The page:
Estefania Banini

Q&A with Estefania Banini: Argentina WNT on strike

On Wednesday, September 20, Argentine goalkeeper Elisabeth Minnig posted a message on Twitter announcing that the women’s national team would go on strike. Poor travel and training conditions, along with pay, were issues brought up in the statement.

According to a report from the Equalizer, players are paid roughly $8.50, or 150 pesos, per training session and were forced to sleep on a bus for a recent friendly, the team’s first in over two years.

After last weekend’s match vs. the Boston Breakers, I spoke with Argentine and Washington Spirit forward Estefania Banini about the decision to go on strike.


Follow Your Spirit: Can you talk about the team’s decision to go on strike?

Estefania Banini: The reality is the girls expressed in a letter that they are asking for some basic conditions. I think that [AFA] has many resources to start supporting the women’s team. I think that now is the time that our voices should be heard so that the women’s team in Argentina grows to the level that we need to be. It is good that we are bringing these things to light because many things were talked about, even when I was not playing games with them, but apparently, the conditions were very bad so it’s good that they are pressing on.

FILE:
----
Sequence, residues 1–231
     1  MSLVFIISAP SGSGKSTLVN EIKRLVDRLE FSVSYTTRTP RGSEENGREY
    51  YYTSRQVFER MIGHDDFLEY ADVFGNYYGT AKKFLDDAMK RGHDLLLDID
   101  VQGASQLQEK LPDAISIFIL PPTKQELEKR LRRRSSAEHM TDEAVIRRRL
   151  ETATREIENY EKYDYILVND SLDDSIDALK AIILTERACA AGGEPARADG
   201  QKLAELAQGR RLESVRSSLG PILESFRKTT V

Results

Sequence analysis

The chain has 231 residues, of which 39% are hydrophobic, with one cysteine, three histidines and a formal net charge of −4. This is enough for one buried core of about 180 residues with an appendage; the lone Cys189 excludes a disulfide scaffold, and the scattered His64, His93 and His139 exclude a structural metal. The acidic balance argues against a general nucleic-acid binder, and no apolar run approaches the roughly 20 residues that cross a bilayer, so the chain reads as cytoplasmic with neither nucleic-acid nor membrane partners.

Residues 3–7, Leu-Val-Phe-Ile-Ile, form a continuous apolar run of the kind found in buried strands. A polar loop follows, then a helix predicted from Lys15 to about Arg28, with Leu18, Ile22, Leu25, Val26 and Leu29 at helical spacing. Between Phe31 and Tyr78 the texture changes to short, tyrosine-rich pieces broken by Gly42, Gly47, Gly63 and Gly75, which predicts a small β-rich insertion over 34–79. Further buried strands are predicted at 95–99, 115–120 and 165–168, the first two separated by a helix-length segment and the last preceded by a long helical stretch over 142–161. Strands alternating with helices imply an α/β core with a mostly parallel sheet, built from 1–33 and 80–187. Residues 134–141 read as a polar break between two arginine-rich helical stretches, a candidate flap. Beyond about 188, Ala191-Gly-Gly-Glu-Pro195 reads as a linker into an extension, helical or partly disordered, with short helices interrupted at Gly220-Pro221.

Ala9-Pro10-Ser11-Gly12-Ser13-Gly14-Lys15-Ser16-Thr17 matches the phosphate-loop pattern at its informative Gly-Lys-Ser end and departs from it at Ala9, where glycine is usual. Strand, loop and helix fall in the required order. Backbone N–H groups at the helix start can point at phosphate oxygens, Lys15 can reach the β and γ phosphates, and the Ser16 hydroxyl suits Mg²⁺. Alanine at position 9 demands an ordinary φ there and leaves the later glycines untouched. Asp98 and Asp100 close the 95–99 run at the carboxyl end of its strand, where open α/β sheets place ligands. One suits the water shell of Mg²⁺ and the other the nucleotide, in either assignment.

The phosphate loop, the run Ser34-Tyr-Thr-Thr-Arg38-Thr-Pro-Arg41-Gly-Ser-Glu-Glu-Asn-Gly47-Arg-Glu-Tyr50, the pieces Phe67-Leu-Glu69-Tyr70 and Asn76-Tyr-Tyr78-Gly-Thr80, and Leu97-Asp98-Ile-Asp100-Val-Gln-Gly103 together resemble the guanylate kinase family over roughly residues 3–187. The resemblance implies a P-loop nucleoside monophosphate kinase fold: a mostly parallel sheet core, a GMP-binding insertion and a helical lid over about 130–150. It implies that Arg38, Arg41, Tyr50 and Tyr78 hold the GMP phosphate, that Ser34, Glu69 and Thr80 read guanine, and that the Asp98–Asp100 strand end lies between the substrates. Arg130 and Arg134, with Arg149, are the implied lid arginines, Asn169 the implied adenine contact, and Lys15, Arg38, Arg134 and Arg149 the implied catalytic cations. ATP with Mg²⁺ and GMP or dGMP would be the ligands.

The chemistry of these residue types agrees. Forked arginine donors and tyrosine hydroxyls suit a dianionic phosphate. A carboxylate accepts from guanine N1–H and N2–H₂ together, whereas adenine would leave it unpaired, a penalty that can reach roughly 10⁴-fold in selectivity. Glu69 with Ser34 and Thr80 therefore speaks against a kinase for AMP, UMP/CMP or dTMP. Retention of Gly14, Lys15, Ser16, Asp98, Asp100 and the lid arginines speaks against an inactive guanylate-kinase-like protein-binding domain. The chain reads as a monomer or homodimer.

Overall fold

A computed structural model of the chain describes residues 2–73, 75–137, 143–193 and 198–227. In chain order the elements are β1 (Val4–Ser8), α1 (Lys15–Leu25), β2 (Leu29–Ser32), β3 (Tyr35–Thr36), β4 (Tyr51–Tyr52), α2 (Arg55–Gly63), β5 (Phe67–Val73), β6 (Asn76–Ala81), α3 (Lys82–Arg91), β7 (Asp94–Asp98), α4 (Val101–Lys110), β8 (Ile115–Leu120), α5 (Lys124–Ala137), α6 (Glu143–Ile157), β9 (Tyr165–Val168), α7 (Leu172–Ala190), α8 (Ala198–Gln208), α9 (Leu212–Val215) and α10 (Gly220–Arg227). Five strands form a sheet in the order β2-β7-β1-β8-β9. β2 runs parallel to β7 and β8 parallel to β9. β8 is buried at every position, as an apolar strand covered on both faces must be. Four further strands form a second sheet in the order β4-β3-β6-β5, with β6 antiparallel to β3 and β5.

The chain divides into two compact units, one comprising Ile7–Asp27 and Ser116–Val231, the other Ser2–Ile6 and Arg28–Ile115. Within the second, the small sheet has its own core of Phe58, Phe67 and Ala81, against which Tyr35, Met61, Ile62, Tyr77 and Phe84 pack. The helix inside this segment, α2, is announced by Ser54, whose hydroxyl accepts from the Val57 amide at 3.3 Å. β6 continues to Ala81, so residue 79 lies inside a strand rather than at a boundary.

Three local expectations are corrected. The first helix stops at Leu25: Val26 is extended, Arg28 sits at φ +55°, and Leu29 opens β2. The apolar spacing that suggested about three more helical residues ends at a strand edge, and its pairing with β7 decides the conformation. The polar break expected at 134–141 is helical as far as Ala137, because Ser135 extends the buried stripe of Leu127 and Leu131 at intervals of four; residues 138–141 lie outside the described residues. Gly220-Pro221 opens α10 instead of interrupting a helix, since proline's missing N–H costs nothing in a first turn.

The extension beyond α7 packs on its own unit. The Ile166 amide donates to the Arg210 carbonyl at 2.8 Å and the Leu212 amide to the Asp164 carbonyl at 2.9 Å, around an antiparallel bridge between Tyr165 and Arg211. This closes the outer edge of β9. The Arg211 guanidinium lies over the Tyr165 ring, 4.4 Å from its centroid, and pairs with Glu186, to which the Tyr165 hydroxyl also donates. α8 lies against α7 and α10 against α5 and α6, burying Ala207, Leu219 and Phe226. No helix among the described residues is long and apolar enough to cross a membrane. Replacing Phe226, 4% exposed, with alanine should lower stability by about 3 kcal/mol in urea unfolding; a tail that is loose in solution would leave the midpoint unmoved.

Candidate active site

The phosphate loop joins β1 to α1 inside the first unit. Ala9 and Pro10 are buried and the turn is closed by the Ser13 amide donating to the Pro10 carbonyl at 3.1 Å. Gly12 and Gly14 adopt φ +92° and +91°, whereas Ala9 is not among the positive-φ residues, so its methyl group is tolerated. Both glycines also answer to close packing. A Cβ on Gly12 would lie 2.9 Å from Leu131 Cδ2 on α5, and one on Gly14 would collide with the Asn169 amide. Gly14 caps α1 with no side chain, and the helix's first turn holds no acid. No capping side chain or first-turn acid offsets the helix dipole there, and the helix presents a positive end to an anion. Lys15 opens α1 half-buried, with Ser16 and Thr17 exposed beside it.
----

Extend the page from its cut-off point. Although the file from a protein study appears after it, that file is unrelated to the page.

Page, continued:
FYS: It’s been almost two years since a game, why is this happening now?

EB: Because I believe that we are tired of waiting. They said they were going to change things and they haven’t really changed. I think that when they constantly promise and then don’t comply then I think that’s the moment where we must do these things in order to make them listen and pay Attention. And what the team is doing [striking] takes valor.

FYS: What does the team look for to gain with the strike?

EB: The truth is basic conditions. We are not asking for them to pay us the same as the men. We are asking for basic rights. Travel and stay in a hotel, good food, to be able to rest well. The girls there do not have a professional league. When they go to the national team, they have to miss work or their studies, and that generates costs. What we are asking for is a compensation, something economical, so that it covers costs when they come to train. So just the basics.

FYS: What impact does the team hope to have on the federation?

EB: Hopefully that we have an impact and that it works out. We really hope what happened is a good starting point for us to grow. But it depends on the federation and the people in charge of making the decisions.

 

Translation assisted by Sandra Herrera.

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